Sunday, January 28, 2007

Mazal Tov

Spoucy actually wouldn't bring her home if she didn't get a pink outfit. Can you believe that?
Me: OK I'll bring the white sweater set that chasidyingele wore to his bris, and you can go shopping and buy the pink stuff later.
Spoucy: WHAT, WHITE? you're kidding me right?
Me: No, I mean you do wanna get chasidmaydele home, right? So use the white and I'll put the infant car seat and...
Me: Why not?
Spoucy: (rolling eyes)You don't understand, she's a girl.
Me: Yeah, and so?
Spoucy: Girls wear pink.
Me: But its just to get home.
Spoucy: Not my baby.
Me: Trust me, she wont remember.
Spousy: No.
Are male and female children that different? I think the only thing I found so far is the diaper changing, its a little more difficult cleaning a female after a big poopoo. Otherwise they both think the universe centers around them, especially at 3am. My wife says wiat till the kid is 3 then I'll see that girls have a way of wrapping daddy 'round their little finger.
Hummmm..... we'll see.
Anyway in case you wanted to know, the kid did get home, and yes in pink, long story.

Monday, January 15, 2007

YUP I stole another one.
This sorta reminds me of the famous 'purim fest' pronunciation by Julius Streicher. (Link provided for the nosy

Saddam was right – "Palestine is Arab"
By Charles M. Morseweb posted January 8, 2007
The noose inspires wisdom from Saddam Hussein
Moments before one of the world's last remaining hard-line socialist leaders faced his judgment in the form of a noose tightened around his neck, the former Iraqi Dictator Saddam Hussein blurted out "Palestine is Arab." And this may have been one of the few times in Saddam's blood soaked career that he spoke the truth.
The fact is that the former Palestine, known today as Israel since having achieved independence from Britain in 1948, is largely Arab today. The majority of the Arabs living in Israel today are Arab Jews. Israel, formerly Palestine, is Arab, Jewish Arab as opposed to Muslim or Christian Arab. This factor plays a major role in the ongoing conflict between Israel and its non-Jewish Arab neighbors.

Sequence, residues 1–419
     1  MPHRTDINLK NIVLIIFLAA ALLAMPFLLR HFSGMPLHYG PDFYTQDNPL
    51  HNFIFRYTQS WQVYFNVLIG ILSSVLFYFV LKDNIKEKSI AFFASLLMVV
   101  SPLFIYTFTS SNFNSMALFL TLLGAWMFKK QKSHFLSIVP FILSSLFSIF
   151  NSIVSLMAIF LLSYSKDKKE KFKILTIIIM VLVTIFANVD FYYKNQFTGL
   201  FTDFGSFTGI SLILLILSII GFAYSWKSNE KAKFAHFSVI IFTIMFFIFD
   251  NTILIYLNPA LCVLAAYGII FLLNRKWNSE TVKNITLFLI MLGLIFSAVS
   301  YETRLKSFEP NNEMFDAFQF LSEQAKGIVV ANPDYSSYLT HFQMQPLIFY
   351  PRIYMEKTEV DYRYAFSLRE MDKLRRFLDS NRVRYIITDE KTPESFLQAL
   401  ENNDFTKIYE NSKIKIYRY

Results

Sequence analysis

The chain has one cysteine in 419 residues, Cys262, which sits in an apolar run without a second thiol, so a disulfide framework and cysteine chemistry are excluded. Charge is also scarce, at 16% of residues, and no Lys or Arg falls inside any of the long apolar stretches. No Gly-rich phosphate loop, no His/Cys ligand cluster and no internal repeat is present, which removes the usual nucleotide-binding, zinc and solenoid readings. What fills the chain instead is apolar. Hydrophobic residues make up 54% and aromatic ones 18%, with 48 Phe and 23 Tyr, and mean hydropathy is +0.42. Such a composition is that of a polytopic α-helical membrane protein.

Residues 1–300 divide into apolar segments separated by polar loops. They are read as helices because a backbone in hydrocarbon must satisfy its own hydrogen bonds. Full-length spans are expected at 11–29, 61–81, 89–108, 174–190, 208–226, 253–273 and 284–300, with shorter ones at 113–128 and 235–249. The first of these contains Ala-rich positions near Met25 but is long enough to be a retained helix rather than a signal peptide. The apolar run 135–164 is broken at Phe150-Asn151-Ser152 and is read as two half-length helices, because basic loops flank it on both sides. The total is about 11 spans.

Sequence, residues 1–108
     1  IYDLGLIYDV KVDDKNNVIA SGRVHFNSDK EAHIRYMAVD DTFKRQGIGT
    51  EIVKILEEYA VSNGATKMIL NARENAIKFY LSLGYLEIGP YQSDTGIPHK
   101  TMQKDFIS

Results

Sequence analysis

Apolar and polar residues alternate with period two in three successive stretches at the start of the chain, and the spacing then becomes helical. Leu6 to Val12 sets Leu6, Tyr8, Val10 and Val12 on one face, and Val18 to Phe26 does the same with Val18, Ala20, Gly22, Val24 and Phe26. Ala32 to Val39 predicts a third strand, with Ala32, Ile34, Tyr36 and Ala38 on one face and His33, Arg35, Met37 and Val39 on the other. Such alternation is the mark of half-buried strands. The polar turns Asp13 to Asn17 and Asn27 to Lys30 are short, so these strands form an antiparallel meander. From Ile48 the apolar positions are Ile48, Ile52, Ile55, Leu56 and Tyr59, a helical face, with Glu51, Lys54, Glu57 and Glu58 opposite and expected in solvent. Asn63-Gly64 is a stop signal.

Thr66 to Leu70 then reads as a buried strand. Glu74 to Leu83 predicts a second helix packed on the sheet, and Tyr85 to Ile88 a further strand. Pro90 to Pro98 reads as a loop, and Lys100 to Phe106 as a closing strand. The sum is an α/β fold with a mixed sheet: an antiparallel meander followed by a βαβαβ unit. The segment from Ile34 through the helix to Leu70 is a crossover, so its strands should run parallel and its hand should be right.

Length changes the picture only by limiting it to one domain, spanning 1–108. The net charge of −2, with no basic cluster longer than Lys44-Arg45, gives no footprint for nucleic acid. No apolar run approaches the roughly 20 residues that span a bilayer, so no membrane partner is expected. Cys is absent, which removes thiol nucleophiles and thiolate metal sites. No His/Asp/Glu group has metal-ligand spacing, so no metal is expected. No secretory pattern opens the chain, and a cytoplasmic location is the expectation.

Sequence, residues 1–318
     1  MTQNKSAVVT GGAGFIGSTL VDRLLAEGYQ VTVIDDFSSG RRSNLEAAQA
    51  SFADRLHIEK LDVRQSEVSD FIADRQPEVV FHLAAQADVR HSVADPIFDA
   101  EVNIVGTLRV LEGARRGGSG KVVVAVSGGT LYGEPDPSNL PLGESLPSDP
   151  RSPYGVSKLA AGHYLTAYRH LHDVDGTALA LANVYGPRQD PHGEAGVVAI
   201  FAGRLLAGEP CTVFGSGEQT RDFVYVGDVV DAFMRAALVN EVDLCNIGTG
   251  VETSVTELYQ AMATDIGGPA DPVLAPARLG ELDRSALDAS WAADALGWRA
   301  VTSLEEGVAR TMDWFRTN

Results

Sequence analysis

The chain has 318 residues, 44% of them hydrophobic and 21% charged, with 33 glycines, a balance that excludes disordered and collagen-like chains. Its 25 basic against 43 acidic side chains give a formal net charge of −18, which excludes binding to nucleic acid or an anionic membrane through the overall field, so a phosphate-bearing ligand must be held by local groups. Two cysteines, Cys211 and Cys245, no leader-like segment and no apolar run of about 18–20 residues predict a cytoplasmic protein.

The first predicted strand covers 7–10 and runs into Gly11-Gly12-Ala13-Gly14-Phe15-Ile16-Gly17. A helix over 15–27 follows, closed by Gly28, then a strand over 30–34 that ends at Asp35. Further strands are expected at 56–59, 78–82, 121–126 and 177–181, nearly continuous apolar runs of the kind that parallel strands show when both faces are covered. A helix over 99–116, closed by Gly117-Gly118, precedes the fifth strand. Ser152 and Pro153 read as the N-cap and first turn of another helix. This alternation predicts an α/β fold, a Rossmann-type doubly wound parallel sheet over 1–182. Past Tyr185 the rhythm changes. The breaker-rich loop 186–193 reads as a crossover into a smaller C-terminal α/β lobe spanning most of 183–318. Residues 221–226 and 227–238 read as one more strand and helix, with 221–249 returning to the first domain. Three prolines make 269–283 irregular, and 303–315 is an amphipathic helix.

Arab Jews had always lived in Palestine and in the rest of the Middle East alongside their Arab Muslim and Arab Christian neighbors. Arab Jews began immigrating in large numbers into Palestine, along with European Jews and Arab Muslims, in the later part of the nineteenth century. Jews had been native to the Middle East and North Africa for over a thousand years, centuries before Islamic forces thundered out of the Arabian Peninsula after the death of the Prophet Muhammad in 632 CE.
After the seventh century establishment of the Islamic Arab Caliphate in the Middle East, in lands that had been Christian for centuries previous, native Christians, Jews, and other non-Muslims sank into the humiliating status of dhimmi's or second-class citizens. Christians and Jews were forced to wear special articles of clothing that identified them as non-Muslims, were forced to pay a special tax, and had to contend with many dangers and indignities over centuries of Muslim rule. The non-Muslim experience in the Middle East was comparable to that of African-Americans living in the American south before the civil rights movement.
The emerging Jewish State of Israel represented the establishment of the first democracy in the Middle East. The Arab Jews of Israel, both native and those who immigrated from other Arab and Muslim regions, would achieve equal rights and would experience full emancipation from their dhimmi status in the new state. This fact, and the threat that it represented to the elitist Muslim-Arab effendi, was not lost upon certain Arab-Muslim elitists such as Amin al-Husseini, appointed from an elite Arab Muslim family as Mufti of Jerusalem by the British Governor of Palestine Sir Herbert Samuel in 1922. The Mufti, in his effort to strangle the newly emerging emancipated state, become a close collaborator with Hitler and spent much of World War II living in Berlin.